Villanueva de la Reina
by Saskia Mier
Villanueva de la Reina is a mountain municipality dominated by plains and a landscape of holm oaks and pine forests. The town was on the route of the Roman Vía Augusta. It has about 3,040 inhabitants.
Its history dates back to the Lower Paleolithic era, as testified by vestiges found on terraces of the Guadalquivir River. The settlement of La Crujía farmhouse is an archaeological site dating to the Neolithic era. Human presence during the Iberian era is also evidence by settlements and the discovery of abundant ancient Iberian ceramics. More>
THINGS TO SEE
The Town Hall is a large two-story building with two ashlar stone facades. On the main façade, the portal is set within a hollow framed by a semi-circular arch and Doric semi-columns; a cornice separates it from the upper floor, where a trilobed balcony opens. The left side is composed of three semicircular arches on columns on the ground floor and lintel-shaped openings on the upper floor. Next to it is a high tower, which is topped with a clock and belfry. Located in Plaza Andalucía. (Location)
Ermita del Santo Cristo
The chapel was designed by Miguel Peinado in 1953. Inside, the image of San Isidro, patron of the district of La Quinteria, is preserved. Located on Calle Santo Cristo. (Location)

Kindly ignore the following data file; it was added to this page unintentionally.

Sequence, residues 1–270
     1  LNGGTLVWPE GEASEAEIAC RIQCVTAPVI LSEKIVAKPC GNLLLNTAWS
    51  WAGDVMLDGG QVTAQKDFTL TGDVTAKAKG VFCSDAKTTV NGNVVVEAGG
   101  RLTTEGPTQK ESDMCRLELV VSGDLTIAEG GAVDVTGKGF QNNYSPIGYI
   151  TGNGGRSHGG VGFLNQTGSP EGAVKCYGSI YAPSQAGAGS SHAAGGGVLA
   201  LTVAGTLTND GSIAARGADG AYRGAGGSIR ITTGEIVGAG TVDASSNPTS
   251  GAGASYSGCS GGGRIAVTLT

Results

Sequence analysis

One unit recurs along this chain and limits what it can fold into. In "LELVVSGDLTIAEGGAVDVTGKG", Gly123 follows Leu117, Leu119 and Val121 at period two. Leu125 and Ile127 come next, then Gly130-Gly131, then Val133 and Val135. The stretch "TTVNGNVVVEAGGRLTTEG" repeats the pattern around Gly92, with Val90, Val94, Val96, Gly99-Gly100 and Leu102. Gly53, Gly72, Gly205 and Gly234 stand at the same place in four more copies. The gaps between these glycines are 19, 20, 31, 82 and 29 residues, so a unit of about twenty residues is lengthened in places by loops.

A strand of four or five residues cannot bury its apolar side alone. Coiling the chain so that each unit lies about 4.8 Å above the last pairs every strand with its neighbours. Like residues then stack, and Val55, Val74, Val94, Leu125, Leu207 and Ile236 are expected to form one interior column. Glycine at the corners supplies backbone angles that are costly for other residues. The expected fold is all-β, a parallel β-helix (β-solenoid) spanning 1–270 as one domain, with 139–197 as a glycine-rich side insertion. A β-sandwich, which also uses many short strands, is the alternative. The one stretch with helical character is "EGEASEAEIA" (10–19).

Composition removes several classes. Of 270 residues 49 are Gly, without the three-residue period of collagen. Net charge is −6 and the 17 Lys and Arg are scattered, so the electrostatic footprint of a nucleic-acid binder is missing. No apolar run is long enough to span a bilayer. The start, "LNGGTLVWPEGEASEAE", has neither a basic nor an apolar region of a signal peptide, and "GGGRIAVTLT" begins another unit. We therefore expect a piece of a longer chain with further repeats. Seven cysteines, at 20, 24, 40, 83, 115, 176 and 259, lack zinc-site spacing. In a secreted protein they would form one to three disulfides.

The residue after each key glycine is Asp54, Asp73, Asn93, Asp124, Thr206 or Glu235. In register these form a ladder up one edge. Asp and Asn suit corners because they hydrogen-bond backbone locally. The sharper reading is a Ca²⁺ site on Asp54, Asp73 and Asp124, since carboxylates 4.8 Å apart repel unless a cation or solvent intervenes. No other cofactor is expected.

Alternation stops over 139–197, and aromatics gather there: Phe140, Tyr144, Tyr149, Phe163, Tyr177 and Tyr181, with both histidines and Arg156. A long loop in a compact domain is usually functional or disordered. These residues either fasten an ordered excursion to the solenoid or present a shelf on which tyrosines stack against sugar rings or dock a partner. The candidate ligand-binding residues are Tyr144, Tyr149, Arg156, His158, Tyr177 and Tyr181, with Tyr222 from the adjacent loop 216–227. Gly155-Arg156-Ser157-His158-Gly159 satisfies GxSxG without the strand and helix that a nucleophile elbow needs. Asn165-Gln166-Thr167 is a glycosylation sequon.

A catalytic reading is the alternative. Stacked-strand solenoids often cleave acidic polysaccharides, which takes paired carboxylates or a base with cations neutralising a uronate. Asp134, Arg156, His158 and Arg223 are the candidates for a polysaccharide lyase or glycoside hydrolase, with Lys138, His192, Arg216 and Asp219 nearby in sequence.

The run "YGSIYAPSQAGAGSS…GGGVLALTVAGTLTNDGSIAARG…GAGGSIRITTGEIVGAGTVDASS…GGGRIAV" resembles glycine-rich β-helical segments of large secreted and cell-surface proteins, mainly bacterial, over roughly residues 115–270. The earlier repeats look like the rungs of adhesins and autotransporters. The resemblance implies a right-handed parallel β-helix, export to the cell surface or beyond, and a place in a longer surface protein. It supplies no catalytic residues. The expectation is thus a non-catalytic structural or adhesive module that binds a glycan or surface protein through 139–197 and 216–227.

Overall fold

Iglesia de la Natividad
This fifteenth-century church is typically Renaissance in style. The large temple has a central nave that ends in a ribbed vault where the main altar is presided over by an altarpiece from 1961, the work of Mariano Piñar Ferrer helped by his disciple, a native of Villanueva called Juan María Medina Ayllón. The previous altarpiece from the Alonso Berruguete School, probably from Sebastián Solís, was burned during the Spanish Civil War. It consists of two lateral naves separated by four columns from the central one, and a chapel, “La Del Rosario”, in the Andalusian Rococo style. Located in Plaza de la Constitución. (Location)
THINGS TO SEE OUTSIDE THE TOWN
Cuevas de Lituergo
The Lituergo caves are houses next to the Guadalquivir River, which served to shelter many families from the town. At the peak of their use, there were more than fifty caves, and each had a living room, kitchen and bedroom. Before the Spanish Civil War, they were already inhabited by some families, but it was after the War that a large number of people came to make them their own. Because of the limited machinery available at the time, many of the caves took many months to build even the entranceway. The caves were painted with lime and blue, and the floors were made of peat, known as ‘crema para las cucharas’ (cream for spoons), because it was used to wash cutlery when detergent was not yet available. Simón was the Mayor of the caves, respected by all the locals, not least for showing his face during the visits of the Civil Guards. There was no shortage of water thanks to a natural spring that was born inside the mound that covered the caves. In the cave of ‘Juanillo el Quinto’, there was dancing every week, to the rhythm of his accordion. They even put on a play in one of the largest caves, and made the costumes out of paper for the occasion. (Location)
Hermejor de la Reina